For as long as there have been robots, there have been people writing about the robots that are out to kill humans. Isaac Asimov spent a lifetime exploring how the Three Laws of Robotics, a fictional set of principles designed to protect humans from robotic harm, could raise morale dilemmas in otherwise non-sentient beings. Michael Crichton became a bestselling author crafting tales about the consequences of technology, from air travel and time travel, to theme parks filled with resurrected dinosaurs.
These types of stories may be science fiction, but they fuel the imagination of the general public who was already scared of technologies that they may not understand. Carl Sagan noted in the book “The Demon Haunted World” that the supernatural tends to be very good at using the latest technology. Not long after the dawn of space exploration, the number of reported UFO sightings and abductions skyrocketed. Ghosts that used to haunt the living with “bumps in the night” started using televisions and telephones when the technology became available.
The Internet of Things is real, and as a near-future technological shift, it is also generating a great deal of fear. The network is becoming the common ground for device communications with humans and cloud services, as well as other devices. The question about whether the device manufacturers are up to the task of doing these activities securely, however, remains up in the air, with a number of notable failures becoming fodder for speculation on what’s going to happen next.
I see a problem emerging, because the tales of hacker-controlled refrigerators and baby monitor surveillance serve as a distraction from applying the correct principles for protecting any device on a network. Yes, there are good reasons to be concerned on whether a given device has adequate security. The device should be providing good security to withstand an attack. But I also believe that it’s a bad idea to expect that it will. We should never presume that any device connected on the network (whether it’s a laptop, mobile phone or a pacemaker) is safe in the first place. The device’s inherent ability to withstand an attack should be the last (and not the only) line of defense.
Let’s put the issue of the Internet of Things aside for a moment. Exploits can be used to establish a toehold on a target by making it behave in unexpected ways by feeding it bad input. In fact, in the Verizon 2015 Data Breach Investigation Report, it noted that hackers are often tremendously successful recycling old attacks against unpatched systems.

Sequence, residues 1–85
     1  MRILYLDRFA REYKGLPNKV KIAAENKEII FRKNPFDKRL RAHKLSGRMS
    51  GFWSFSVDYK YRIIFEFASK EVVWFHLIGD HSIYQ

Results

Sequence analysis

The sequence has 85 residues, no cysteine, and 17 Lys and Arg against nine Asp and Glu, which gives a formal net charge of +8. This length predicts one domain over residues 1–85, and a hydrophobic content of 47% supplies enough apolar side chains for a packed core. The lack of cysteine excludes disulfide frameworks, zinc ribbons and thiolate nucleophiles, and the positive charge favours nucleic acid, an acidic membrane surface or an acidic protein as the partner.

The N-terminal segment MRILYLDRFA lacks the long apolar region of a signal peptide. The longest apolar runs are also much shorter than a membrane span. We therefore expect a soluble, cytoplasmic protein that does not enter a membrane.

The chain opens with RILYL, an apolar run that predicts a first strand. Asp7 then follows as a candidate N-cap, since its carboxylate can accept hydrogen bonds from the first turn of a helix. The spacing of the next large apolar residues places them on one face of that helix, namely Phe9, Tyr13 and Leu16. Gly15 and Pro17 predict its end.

“We found that 99.9% of the exploited vulnerabilities had been compromised more than a year after the associated CVE was published.”
Typically, product vendors respond by providing a patch to close such vulnerabilities and render the exploit useless. Yet despite best intents, organizations are seldom able to patch every device in a reasonable period of time. In some cases, the device may be unpatchable (because of a vulnerability in firmware, for example) or it may be irreplaceable (such as expensive or custom equipment with long production life expectancies). In other cases, it’s a matter of rogue devices that weren’t ever managed in the first place. The organization should take steps to secure the device in a timely manner, but they also need to take measures to prevent a threat from reaching the device in the first place
A prevention-first mindset starts with several basic principles towards the reduction of risk:
- Use network segmentation to prevent unnecessary levels of exposure to critical systems by isolating access based business need. For example, isolate network-connected medical equipment from end-user workstation traffic.
- Reduce the attack surface by safely enabling or eliminating unnecessary applications that have no business purpose. For example, a printer should only be administratively accessed by users with an administrative group, and it should only accept print jobs from domain users. Any other type of access, such as a shell to the Internet, is simply not necessary.
- Adopt a zero trust attitude by never inherently trusting anything.
- Identify and manage unknowns, including unknown traffic and unknown files.
- Apply threat intelligence to stop threats (including exploits and malware) from reaching any device on the network.
Organizations should take steps to use safe devices, but they should never count on every device being safe. In order to reach the device, the hacker needs to traverse the network. Security teams benefit from the defender’s advantage point, for they control the network that the devices operate on. By adopting good security principles that prevent attacks and minimize exposure to risk, organizations can stay a step ahead of the challenges introduced by the Internet of Things.